Power Morcellator Cancer Problems Should Be Blamed on Doctors, Lawmaker Says

A Texas congressman and former gynecologist has taken the controversial position of blaming doctors for the spread of cancer during uterine fibroid removal procedures, as opposed to the laparoscopic power morcellators used during the minimally invasive procedures. 

Power morcellators are medical devices used in recent years to allow surgeons to cut up and remove fibroids through a minimally invasive incision in the abdomen. However, concerns have emerged about the safety of the devices, since some women may have undiagnosed cancers contained within the uterus, which the devices may rapidly spread throughout the body.

Questions have been raised by many critics about the safety of the device and the FDA’s oversight, indicating that stronger warnings should have been provided about the potential cancer risks with morcellators.

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Morcellation Lawsuits

Power morcellators used during a laparoscopic hysterectomy or uterine fibroid surgery may cause the spread of aggressive cancer.

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According to a report by the Dallas Observer, Congressman Michael Burgess, a Texas “Tea Party” Republican, said recently that there was no problem with the design of power morcellators, but instead said that doctors should have known that shredding fibroids could potentially release cancerous cells into the body.

Debate Over FDA Regulation

The statements come amid debate over the “21st Century Cures Act”, which passed the House earlier this month and seeks to modernize the way the FDA approves new drugs and new medical devices, among other goals.

Another Republican, Mike Fitzpatrick of Pennsylvania, and a cancer survivor, called for the addition of an amendment that would require unique device identifier numbers to be added to electronic health records, so that it would be easier to identify specific medical devices used on patients.

The amendment was inspired by concerns over power morcellators, which were on the market for nearly a quarter of a century before the FDA recognized the risk that the device may be spreading undiagnosed uterine cancers during laparoscopic hysterectomy and myomectomy procedures for fibroid removal.

In response to the amendment, Burgess contends that, while he never used the devices himself, the FDA did not fail in its duties by not detecting the problem earlier. In fact, Burgess praised the agency, saying it has been good at issuing medical device recalls when necessary.

Instead, Burgess said that all doctors who operate on the abdomen should know not to grind up suspicious tumors because they could spread cancer cells.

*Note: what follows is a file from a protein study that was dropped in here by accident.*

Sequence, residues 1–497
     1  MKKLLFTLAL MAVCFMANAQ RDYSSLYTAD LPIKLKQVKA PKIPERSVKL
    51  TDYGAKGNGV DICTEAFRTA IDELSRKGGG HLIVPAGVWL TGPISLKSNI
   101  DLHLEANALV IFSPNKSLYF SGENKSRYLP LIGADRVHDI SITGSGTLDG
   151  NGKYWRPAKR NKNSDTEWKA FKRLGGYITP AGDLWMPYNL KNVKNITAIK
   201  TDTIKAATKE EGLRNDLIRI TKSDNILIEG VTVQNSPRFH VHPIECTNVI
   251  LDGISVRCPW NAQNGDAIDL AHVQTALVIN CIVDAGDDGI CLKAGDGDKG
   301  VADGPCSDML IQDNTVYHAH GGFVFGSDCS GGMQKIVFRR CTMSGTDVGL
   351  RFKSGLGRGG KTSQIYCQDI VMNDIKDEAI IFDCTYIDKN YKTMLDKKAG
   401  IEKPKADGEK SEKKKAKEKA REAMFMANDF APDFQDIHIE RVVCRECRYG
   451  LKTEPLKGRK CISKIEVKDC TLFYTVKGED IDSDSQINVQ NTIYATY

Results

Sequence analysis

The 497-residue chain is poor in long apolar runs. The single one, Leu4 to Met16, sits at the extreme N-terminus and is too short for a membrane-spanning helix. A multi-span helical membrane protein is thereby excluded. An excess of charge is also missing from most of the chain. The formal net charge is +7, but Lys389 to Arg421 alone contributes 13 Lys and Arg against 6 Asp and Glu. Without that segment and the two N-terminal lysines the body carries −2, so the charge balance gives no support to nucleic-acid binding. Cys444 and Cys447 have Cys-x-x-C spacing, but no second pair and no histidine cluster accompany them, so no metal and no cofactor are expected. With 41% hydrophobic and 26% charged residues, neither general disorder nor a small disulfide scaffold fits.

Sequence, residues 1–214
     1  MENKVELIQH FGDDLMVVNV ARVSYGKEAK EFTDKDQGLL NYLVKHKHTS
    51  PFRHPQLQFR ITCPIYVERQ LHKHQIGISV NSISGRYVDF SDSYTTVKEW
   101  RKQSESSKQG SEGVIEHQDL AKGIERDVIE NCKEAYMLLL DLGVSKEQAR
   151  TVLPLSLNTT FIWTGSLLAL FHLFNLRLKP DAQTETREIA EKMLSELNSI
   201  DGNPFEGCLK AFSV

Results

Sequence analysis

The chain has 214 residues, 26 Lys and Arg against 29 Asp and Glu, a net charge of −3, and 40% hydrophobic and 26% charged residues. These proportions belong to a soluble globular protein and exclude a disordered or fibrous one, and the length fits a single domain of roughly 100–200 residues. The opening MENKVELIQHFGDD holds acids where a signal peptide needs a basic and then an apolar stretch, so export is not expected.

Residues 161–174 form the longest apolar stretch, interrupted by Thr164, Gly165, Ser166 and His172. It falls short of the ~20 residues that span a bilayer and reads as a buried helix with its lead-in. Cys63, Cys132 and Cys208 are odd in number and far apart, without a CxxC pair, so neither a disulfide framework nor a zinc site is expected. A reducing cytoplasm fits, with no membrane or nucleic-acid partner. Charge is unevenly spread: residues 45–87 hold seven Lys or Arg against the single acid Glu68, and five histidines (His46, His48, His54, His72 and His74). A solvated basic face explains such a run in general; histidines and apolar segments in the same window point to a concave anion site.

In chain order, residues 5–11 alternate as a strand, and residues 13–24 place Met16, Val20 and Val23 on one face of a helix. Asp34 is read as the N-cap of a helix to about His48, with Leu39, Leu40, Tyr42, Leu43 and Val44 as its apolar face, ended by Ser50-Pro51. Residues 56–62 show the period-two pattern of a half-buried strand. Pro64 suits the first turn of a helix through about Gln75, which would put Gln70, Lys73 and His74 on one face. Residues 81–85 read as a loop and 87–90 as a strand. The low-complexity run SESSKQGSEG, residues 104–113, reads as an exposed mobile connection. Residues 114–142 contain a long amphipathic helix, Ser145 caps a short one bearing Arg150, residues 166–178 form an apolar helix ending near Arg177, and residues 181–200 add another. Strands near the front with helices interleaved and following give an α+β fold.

Critics of the legislation, which now moves on to the Senate, say the bill lowers the clinical trial standards needed to approve drugs and medical devices, would increase overuse of antibiotics and the spread of drug-resistant pathogens, and would increase the ability of drug companies and medical device companies to discreetly pay doctors and medical professionals to promote their products without acknowledging the financial connection.

Power Morcellator Lawsuits

A number of families throughout the United States are now pursuing power morcellator lawsuits against manufacturers of the devices after women were diagnosed with the rapid spread of leiomyosarcoma, endometrial stromal sarcoma or other uterine cancers following use of the medical device.

The complaints allege that power morcellators are unreasonably dangerous and that the manufacturers should have provided warnings about the potential risks associated with the device, so that women and the medical community could have decided whether the benefits provided by the minimally invasive laparoscopic procedure justify the potential risk.

The FDA has estimated that about out of every 350 women undergoing surgery for symptomatic uterine fibroids may actually have undiagnosed and unsuspected sarcoma contained within the uterus. For these women, morcellators may rapidly spread cancerous cells throughout the body, rapidly upstaging the cancers to an advanced stage that is difficult to treat and often fatal. This may greatly reduce the likelihood of long-term survival and the woman’s overall quality of life.

While the FDA has allowed laparoscopic morcellators to remain on the market, much stronger warnings are now provided about the potential cancer risks and many hospitals have announced that they will no longer perform hysterectomy or myomectomy procedures with morcellation, indicating that there is no way to justify the risk.


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